The Speaker’s power is enabled and constrained by the House rules and the Constitution. These rules empower lawmakers to participate in the process. Lawmakers may therefore use the rules skillfully that govern the legislative process to advantage their preferred outcomes. By extension, legislators may, when needed, attempt to alter the range of possible outcomes by using the same rules to change the process. This fact applies to all legislators, regardless of party. The rules can even constrain the Speaker, who uses every means available to resist control. A smart member of Congress, even one advancing an unpopular position, can win through the skillful deployment of the rules.  

What is supposed to happen in a legislature is persuasion and policy deciding. Instead, the debates and confrontations in which legislators participate as the process unfolds represent them acting at cross-purposes to prevail over one another. Throughout a debate on a controversial issue, legislators are reconciled to a single outcome because the dynamic nature of legislative politics generated new options that made a compromise possible where none was previously. But when the outcome is predetermined, when a few people dominate, the debate becomes theater, and the give-and-take of legislating becomes performance art. Legislating becomes debased. Democracy becomes brittle. 

The House has parties — factions — and there are yet more factions inside those parties. In a functional system, individual lawmakers combine and recombine into coalitions around their collective views and interests. Sometimes these combinations become more permanent and evolve into caucuses. This is as it should be, as the House should enact legislation that enjoys majority support. But this outcome is at odds with the goals of party leaders: to keep their party together and divide the other. As the party leaders reinforce their power, they eventually destroy what is unique about a legislature and foment a revolution in support of a new legislative order. That is what we have seen at the start of the 118th Congress.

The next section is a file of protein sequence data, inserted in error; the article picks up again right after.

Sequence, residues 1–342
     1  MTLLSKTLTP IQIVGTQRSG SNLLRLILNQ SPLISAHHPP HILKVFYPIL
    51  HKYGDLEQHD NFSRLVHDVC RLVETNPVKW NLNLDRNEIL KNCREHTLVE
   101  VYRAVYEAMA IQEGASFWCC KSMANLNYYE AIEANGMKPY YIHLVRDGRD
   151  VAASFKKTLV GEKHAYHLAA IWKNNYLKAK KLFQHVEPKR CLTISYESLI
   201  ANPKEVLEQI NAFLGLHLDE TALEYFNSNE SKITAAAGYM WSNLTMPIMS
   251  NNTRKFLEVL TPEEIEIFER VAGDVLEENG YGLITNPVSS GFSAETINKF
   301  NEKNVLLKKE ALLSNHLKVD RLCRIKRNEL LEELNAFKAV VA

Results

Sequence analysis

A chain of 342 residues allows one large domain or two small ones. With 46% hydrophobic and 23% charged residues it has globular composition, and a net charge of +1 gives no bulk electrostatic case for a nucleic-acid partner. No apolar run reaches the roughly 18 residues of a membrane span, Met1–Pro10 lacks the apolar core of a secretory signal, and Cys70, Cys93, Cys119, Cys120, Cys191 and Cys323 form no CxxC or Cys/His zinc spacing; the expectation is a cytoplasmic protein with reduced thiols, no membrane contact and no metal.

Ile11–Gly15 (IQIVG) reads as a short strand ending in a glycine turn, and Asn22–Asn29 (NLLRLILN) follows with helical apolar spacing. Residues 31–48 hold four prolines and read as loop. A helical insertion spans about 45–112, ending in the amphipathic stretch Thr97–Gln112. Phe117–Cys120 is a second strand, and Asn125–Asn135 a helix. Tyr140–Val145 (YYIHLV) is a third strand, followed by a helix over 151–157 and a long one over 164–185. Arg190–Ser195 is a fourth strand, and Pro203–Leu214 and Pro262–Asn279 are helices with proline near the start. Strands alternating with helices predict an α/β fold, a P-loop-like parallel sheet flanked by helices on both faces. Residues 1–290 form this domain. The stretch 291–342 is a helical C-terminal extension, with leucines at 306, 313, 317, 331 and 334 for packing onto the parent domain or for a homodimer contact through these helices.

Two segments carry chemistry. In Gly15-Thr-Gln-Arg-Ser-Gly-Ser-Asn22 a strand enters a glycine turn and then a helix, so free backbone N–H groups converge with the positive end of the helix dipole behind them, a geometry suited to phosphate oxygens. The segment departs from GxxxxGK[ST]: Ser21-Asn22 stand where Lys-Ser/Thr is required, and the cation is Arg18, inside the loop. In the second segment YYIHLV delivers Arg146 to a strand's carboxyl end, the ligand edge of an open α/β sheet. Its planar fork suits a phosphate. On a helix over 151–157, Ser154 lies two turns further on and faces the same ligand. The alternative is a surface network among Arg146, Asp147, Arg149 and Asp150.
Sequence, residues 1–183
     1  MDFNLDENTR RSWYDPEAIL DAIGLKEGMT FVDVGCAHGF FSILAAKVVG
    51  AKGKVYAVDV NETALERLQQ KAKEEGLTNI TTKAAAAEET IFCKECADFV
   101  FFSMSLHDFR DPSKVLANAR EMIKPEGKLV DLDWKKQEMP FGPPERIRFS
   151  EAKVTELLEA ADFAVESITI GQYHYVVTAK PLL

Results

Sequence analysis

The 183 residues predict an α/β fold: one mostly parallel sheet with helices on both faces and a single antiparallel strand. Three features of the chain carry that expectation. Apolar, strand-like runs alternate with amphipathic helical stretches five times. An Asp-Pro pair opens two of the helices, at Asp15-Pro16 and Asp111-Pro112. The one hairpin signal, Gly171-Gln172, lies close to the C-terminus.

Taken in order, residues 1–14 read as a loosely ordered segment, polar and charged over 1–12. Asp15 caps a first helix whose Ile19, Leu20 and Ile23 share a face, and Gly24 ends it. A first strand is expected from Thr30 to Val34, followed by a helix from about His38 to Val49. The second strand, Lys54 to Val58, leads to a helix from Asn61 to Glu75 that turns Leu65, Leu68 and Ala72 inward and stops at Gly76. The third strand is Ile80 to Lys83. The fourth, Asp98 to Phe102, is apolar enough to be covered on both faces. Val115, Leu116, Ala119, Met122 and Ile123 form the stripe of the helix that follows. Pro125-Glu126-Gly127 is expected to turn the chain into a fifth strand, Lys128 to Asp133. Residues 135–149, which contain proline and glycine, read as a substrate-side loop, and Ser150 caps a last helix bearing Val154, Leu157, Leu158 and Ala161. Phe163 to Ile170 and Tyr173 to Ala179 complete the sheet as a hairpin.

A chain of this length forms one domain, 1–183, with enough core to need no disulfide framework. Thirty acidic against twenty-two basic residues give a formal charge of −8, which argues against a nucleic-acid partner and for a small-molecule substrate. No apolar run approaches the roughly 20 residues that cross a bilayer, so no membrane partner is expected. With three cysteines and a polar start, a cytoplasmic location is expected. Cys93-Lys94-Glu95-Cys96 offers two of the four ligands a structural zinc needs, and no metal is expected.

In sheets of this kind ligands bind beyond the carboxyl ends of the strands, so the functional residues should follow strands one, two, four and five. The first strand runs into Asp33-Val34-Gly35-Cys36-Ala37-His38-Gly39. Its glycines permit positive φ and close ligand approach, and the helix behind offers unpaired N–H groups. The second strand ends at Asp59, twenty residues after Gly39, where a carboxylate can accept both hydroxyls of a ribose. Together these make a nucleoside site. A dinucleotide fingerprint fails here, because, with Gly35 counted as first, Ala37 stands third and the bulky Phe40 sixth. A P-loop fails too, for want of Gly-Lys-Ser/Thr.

The 118th Congress will be a healthier Congress if lawmakers —Democratic, Republican, and combinations thereof, embrace the strategies and tactics exhibited in the Speaker election and use the rules to support their forceful advocacy on behalf of their constituents. They must insist that they are given their prerogatives as legislators: the power to fight for their views and to persuade others to join them. No one — and no few — should predominate by the operation of the rules. 

The result will be more debate, deliberation, voting, and compromise. Speaker Pelosi said no one is given power; they must take it. The fight over who is to become Speaker and what will be adopted as part of the rules of the House is how members make sure they have their fair share and their fair say.

Daniel Schuman is policy director at Demand Progress and Demand Progress Education Fund. He leads organizational efforts to strengthen democracy in America, which include: reforming Congress; providing appropriate checks on the executive branch; strengthening mechanisms for federal governmental accountability, transparency, and reform. James Wallner is a senior fellow at the R Street Institute and a Lecturer in the Department of Political Science at Clemson University. Before joining R Street, James was the Group Vice President for Research at the Heritage Foundation. He spent over a decade on Capitol Hill earlier in his career working in senior positions in both the House and Senate.


Kevin McCarthy

Speakership vote